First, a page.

Can a person have two different types of cancer?

5 answers | Last updated: Sep 18, 2016
A fellow caregiver asked...

Is it possible for a person to have two different types of cancer at once? E.g. a melanoma and then another area such as a kidney?

Expert Answers

Andrew Putnam, M.D. is a Palliative Care physician at Smilow Cancer Center at Yale New Haven Hospital and Yale University.

Yes it is possible. Cancer is a general word and cancers of different parts of the body are different. It is very possible for different types of cancer to arise in different parts of the body at different times or even possibly at the same time. Melanoma arises from sun exposure and can develop at any time but usually as one gets older as the effects of the sun's rays continues to accumulate over time. Some types of kidney cancer can occur in children while others are more likely in adults. Any individual can develop 2 or even more cancers over time.

At times a single cancer will spread to different parts of the body and so then a single type of cancer occurs in different parts of the body at the same time. That is referred as "kidney cancer that spread to the bone" or "spread to the liver" and not as liver cancer which would be a different type of cancer.

Community Answers

Bramwell answered...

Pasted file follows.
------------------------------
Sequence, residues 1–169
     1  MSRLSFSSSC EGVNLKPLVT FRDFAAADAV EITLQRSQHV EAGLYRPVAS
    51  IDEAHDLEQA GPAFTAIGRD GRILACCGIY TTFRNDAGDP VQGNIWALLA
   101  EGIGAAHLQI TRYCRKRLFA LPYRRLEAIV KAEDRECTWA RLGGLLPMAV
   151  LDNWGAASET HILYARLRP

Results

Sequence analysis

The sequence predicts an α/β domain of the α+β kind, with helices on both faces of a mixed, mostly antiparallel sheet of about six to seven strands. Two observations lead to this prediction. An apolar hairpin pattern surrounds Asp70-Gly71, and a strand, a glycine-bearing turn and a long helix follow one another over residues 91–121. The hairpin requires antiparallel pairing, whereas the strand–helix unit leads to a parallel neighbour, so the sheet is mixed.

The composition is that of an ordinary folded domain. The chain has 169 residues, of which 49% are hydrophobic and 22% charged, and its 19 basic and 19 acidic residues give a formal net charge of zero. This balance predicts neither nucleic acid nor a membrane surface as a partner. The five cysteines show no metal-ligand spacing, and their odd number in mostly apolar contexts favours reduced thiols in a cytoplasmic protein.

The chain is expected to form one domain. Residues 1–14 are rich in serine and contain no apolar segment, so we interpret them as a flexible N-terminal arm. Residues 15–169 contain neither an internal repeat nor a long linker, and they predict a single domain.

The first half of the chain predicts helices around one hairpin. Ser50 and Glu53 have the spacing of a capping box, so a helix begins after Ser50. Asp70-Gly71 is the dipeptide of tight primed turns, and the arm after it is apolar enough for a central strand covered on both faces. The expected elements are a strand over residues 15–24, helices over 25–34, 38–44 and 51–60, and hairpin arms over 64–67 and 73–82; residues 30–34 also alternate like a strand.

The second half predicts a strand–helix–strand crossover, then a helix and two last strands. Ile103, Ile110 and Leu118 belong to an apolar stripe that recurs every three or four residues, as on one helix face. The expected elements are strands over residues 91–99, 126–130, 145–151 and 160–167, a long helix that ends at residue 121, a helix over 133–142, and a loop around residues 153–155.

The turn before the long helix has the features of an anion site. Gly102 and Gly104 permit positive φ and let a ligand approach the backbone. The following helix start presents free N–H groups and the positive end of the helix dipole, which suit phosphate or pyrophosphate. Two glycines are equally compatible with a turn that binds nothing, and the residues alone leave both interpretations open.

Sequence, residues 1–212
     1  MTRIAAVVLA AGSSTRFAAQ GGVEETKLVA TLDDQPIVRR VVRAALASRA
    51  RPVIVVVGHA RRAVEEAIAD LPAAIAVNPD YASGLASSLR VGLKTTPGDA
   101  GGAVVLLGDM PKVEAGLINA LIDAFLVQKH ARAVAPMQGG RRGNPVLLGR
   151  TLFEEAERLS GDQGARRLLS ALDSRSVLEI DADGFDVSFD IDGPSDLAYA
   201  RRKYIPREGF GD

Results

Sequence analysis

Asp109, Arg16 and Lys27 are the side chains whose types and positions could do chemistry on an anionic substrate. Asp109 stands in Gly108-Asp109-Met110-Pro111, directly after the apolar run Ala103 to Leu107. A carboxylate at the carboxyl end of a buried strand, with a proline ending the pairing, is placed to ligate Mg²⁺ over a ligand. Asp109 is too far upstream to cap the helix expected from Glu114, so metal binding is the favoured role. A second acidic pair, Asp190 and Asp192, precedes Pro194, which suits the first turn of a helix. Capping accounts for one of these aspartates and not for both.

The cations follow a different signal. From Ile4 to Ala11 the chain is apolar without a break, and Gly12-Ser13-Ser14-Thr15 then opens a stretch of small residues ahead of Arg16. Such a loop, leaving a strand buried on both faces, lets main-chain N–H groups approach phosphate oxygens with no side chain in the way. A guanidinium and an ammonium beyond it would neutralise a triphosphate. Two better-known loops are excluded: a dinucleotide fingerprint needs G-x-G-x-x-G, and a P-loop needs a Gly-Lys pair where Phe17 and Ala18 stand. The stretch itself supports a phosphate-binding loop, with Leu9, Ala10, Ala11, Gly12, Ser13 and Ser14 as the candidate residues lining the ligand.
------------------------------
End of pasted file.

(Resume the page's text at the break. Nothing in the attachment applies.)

Yes it is possible to have two different types of cancer. I first had breast cancer, and a few years later, uterine cancer.

D a rod answered...

Yes, I have kidney cancer that spread to my pancreas and I also had colon cancer. Now it looks like I may have kidney cancer in my liver. I did have both at the same time. it really sucked!

A fellow caregiver answered...

Yes it is possible. I was recently diagnosed with chronic lymphocytic leukemia and multiple myeloma.

Jscars54 answered...

Well I can answer that question, I have two different cancers right now. Gastric cancer and advanced prostrate cancer both diagnosed in May. As a matter of fact I just got done with 6 months of chemo for the gastric cancer not much they can do with the prostrate cancer because it's in my bones. I get hormones for that. It's all good, I wouldn't change a thing.

Stay Connected With

Get news & tips via e-mail